– time gets written off by partners, and some hours billed will go on BD and training. 2800 hours might get billed, 200 might be on BD, pro Bono, training and 600 might get written off, leaving you with 2000 billable. Yes, associates miss out on bonuses because of partner write offs.

– top of the table looks about right to me, with the exception of Sidley, which does not generally take advantage and beast their trainees needlessly as cheap labour unlike the others up there at the top. Not a compliment to Sidley, but a criticism of the others right at the very top of that table.


Working long hours shouldn’t be a badge of honour and I don’t disagree with your general point.

However, the supposed “trade-off” only makes sense if you are talking K&E/US vs a regional outfit (where the salary differences are more like 60-70k base) rather than US vs MC.

There is an element of unreliability with these figures (e.g. sample size or taking averages for what is often unpredictable work), but based on what is published here, the top 10 busiest firms (US) finish anywhere from around 9 – 10pm vs the MC at around 8:30pm. That’s only 30 min – 90 min more work per day (less so when you see that the MC start work around 15 – 30 min earlier).

The slightly less workload at MC doesn’t exactly let you have friends/your sanity either and it’s more like a 50k – 60k pay gap (once you factor proper bonuses at US firms – without even getting into the special covid bonuses some paid out) rising exponentially after the NQ level. E.g. The NQ rate at K&E is 10k higher than a 6PQE senior associate at one of the MCs so you can only imagine how much more the 6PQE associate at K&E is getting.


Hooray Henry

>The NQ rate at K&E is 10k higher than a 6PQE senior associate at one of the MCs so you can only imagine how much more the 6PQE associate at K&E is getting.

Yes, perfectly true, but the flip side is retention figures. Far fewer people make it to 6PQE somewhere like K&E than at an MC firm, so it isn’t really that comparable



Not sure that’s entirely correct. Yes, there’s a huge amount of turnover at US firms but the same can be said at MC. Arguably more so as those that don’t mind the already bad hours would rather get paid more, whereas those that don’t like the hours are happier to take a marginal dip in pay for an improved wOrk LiFe bAlAnCE. Hence the significant exodus of associates around 3 years PQE.


Slaughter and May

Now Foot Anstey and below on the list can stop pretending they work hard


4400 billables a year

my average 100 hour billable week liefstyl3 is lad-gendary!!!



Nobody dies wishing they had spent more time in the office



No but some people die wishing they had not lived a life of peasantry.



Or that they had never gone to Durham.


US 2nd yr

Start and finish times are a lot less relevant now in the WFH era and working hours feel a lot more flexible (subject of course to your workload at the time). I do not resent doing a bit of work late in the evening (even if I’ve ‘logged off’ for the day) or doing a few hours at the weekend any more whereas in usual times it can be a right pain in the arse when you’re blindsided at these times.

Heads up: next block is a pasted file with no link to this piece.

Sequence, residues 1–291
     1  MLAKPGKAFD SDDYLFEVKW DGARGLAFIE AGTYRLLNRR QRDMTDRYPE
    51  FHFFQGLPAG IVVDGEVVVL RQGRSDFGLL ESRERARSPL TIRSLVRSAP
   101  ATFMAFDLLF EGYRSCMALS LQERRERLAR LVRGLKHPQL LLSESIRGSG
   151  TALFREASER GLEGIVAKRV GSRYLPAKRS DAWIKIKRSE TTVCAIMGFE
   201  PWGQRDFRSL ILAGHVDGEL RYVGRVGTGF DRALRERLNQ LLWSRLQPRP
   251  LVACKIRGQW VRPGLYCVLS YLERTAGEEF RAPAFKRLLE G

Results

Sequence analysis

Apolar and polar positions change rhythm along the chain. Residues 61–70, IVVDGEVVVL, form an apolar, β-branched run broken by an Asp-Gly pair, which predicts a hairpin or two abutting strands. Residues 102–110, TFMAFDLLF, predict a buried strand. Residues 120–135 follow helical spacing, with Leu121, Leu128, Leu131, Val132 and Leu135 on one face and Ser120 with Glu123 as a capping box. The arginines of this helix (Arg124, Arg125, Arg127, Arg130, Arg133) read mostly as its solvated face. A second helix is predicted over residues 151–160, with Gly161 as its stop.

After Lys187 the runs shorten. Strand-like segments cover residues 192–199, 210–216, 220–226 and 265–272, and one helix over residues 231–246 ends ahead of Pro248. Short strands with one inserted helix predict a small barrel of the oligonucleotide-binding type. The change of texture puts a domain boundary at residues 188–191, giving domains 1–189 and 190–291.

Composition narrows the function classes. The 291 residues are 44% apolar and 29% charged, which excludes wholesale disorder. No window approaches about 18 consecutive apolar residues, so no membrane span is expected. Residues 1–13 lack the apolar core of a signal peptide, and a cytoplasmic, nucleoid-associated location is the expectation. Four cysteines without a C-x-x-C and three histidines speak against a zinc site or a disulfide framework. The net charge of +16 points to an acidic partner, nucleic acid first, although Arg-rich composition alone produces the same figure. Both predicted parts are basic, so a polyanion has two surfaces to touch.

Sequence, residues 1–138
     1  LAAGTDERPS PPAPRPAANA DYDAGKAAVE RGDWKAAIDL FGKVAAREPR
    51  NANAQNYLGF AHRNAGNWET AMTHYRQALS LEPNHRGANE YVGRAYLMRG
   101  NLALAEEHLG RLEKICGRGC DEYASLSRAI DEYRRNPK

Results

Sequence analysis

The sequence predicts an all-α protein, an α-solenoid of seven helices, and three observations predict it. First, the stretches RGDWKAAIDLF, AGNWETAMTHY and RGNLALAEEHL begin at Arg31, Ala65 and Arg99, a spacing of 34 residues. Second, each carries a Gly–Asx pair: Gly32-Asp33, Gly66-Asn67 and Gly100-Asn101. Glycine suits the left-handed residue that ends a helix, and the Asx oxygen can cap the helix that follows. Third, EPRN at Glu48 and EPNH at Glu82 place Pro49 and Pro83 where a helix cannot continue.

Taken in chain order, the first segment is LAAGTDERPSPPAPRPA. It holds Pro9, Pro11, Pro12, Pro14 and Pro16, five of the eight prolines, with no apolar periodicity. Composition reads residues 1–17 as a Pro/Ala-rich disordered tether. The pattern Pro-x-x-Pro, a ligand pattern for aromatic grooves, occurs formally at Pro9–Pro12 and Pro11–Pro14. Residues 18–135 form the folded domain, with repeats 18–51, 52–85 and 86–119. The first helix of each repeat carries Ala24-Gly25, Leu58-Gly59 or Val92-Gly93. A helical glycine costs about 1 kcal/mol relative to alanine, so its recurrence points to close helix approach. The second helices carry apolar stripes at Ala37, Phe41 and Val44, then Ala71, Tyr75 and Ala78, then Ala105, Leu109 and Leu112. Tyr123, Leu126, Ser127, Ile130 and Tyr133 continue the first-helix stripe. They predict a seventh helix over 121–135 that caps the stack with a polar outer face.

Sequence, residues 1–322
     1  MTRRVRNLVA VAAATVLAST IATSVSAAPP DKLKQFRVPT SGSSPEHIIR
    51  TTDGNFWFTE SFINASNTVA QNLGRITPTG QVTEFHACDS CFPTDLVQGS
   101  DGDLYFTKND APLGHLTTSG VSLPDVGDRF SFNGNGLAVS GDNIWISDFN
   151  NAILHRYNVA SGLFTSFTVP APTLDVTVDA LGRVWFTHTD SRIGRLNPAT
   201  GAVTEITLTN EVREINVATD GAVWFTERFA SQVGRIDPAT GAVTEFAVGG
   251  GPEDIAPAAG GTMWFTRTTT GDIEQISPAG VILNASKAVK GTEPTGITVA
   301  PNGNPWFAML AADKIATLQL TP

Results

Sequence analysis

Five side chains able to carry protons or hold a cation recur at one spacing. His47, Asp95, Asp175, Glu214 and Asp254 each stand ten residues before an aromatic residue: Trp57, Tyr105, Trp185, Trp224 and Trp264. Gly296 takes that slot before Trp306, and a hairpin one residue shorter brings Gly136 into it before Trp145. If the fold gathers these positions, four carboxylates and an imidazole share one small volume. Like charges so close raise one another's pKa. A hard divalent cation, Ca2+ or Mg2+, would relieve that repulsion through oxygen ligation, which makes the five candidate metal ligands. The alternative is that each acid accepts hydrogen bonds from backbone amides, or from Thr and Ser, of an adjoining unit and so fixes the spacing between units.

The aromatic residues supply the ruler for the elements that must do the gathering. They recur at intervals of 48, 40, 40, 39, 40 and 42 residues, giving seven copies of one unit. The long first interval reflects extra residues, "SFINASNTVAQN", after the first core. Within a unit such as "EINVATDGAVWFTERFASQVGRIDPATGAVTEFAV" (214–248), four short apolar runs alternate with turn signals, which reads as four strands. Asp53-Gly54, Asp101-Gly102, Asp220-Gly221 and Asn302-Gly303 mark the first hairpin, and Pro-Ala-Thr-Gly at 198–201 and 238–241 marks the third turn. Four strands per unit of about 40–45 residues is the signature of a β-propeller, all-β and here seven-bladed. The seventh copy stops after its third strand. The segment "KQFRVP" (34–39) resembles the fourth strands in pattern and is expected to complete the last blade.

I’ve found that on some days if I fancy waking up early to bosh out a few hrs work before emails start coming in, that is also an option that would have probably been more difficult before / would have been more painful getting into the office for a 7am start. This can be really handy during busy transactions as it takes the pressure off during the day.



Imagine being so unbelievably deluded that you think the >50k a year pay cut with working at Bakers/Simmons compared to L&W is justified through working about 15-20min less per day, based on these figures. Moronic



Can I suggest another table that takes average salary (or NQ salary as a proxy) and divides by hours worked in this table (agree with others comments that start / finish is less relevant than just how many hours working in this WFH environment)


Trainee at a US Law Firm

I can only laugh at lists like this.


Bob Doll

Leave times are so unreliable as work / deal flows fluctuate so much. I would be much more interested to see a comparison between recorded annual/ monthly/ weekly/ whatever chargeable hours per firm (I.e not target hours but actual recorded hours per person).



Mate, it’s obviously an average. Did you really think that all Skadden associates at 8.11pm get up from their desks in unison and leave the office like some sort of cult, descending upon Canary Wharf tube station in their masses.



I’m being censored by legal cheek – end this tyranny



It’s obviously an average. Did you really think that all Skadden associates get up at 8.11pm from their desks in unison like some sort of cult, descending upon Canary Wharf tube station in their masses?



They are dull soulless drones, so the massed leaving time hypothesis is not that fanciful.



How on earth do LC calculate these times so precisely? where do they get the data?


I bill therefore I am

It’s amazing how keen some people are to start working in the morning for relatively irrelevant firms.